News
News Home
Quick Bites
Exploradio
News Archive
News Channel
Special Features
NPR
nowplaying
On AirNewsClassical
Loading...
  
School Closings
WKSU Support
Funding for WKSU is made possible in part through support from the following businesses and organizations.

Northeast Ohio Medical University

Metro RTA

The Holden Arboretum


For more information on how your company or organization can support WKSU, download the WKSU Media Kit.

(WKSU Media Kit PDF icon )


Donate Your Vehicle to WKSU

Programs Schedule Make A Pledge Member BenefitsFAQ/HelpContact Us
Government


Ohio Gov. Kasich wants more income tax cuts
His State of the State includes an old debate on the role of government
by WKSU's MARK URYCKI


Senior Reporter
Mark Urycki
 
Governor Kasich turns to House Speaker William Batchelder and Senate Majority Leader Keith Faber.
Courtesy of MARK URYCKI
Download (WKSU Only)
In The Region:
Gov. John Kasich’s State of the State address last night was like a trip back to the 80’s. The governor brought up a few programs he’d like to see the state spend a little more on. But overall, he was sounding like Ronald Reagan while Democrats were sounding like Tip O’Neill.
Kasich's proposals and reaction

Other options:
Windows Media / MP3 Download (3:27)


At his last State of the State address before he faces voters for re-election,  Gov. John Kasich talked about how he balanced the budget and cut taxes while the jobless rate slowly declined.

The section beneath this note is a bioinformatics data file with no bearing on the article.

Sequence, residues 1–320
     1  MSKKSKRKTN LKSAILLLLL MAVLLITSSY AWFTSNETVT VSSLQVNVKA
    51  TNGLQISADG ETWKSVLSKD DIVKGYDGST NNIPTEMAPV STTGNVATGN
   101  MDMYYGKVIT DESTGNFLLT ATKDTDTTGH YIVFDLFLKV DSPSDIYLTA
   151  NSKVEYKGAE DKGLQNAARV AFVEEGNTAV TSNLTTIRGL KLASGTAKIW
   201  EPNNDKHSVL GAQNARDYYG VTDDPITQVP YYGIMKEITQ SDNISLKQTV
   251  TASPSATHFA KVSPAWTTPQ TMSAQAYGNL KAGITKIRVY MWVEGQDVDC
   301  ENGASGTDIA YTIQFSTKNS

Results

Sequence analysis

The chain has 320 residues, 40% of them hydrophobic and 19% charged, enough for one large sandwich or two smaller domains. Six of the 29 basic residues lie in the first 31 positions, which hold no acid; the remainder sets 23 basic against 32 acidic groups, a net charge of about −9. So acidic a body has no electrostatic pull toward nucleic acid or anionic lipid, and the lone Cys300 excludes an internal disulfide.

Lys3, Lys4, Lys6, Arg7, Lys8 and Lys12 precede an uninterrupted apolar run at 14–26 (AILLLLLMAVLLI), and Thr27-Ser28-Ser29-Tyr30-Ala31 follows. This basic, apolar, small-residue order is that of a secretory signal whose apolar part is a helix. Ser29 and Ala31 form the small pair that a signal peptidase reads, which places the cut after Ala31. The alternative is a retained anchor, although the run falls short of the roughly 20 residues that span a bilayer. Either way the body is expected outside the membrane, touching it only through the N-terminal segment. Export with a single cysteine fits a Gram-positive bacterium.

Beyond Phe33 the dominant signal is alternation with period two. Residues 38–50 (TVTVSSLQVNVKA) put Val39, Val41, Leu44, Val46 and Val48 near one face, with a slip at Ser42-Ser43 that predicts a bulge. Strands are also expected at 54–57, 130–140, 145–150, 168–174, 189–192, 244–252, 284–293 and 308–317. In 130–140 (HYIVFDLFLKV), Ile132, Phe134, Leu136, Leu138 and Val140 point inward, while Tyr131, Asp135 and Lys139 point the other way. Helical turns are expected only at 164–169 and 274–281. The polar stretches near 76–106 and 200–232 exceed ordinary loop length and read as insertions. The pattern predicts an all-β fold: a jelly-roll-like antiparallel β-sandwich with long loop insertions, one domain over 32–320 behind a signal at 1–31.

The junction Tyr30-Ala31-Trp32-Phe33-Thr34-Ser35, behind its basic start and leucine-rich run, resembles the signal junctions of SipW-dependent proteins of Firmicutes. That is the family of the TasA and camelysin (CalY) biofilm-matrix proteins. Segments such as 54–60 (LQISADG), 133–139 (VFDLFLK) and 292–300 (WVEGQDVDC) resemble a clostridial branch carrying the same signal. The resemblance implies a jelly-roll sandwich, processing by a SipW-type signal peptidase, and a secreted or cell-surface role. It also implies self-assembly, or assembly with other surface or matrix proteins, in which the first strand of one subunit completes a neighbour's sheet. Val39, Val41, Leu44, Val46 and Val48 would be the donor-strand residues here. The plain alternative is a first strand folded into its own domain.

Last night, he suggested investing more in early childhood education and vocational ed programs as well as on treating drug addiction and reducing child mortality rates. But in his vision of the future, Kasich sounded very Reaganesque, painting big government as a nefarious force. He imagined a future where “rugged individuals”  would start their own businesses.

“They will succeed because we will not let government stomp them out with mindless rules and high taxes. Ohio will be a place where everyone takes responsibility for themselves.”

Cutting income taxes
The Republican’s biggest proposal was to lower the highest rate on state income taxes to below 5 percent.  

Afterwards Democrats stood behind House Minority Leader, Tracy Maxwell Heard, who called Kasich’s tax cut proposals just more trickle-down economics that benefit the wealthy.  

“It does not work because business responds to consumer purchases and spending and if the largest part of the population doesn’t have disposable income, giving tax breaks to the 1percent simply goes into their savings and trust funds. “

And Senate Minority Leader Joe Schiavone argued that Kasich can’t cut taxes again without hurting the poor and middle class.

Other sources
But revenue could come from other sources.   Kasich did suggest that $10 million of casino taxes could be diverted to early student mentoring programs. And last year he tried and failed to get the Republican-dominated Legislature to raise taxes on the oil and gas being pumped out of Ohio.

Senate Majority Leader Keith Faber said afterwards he would give that so-called severance tax “serious consideration.”

Hometown honors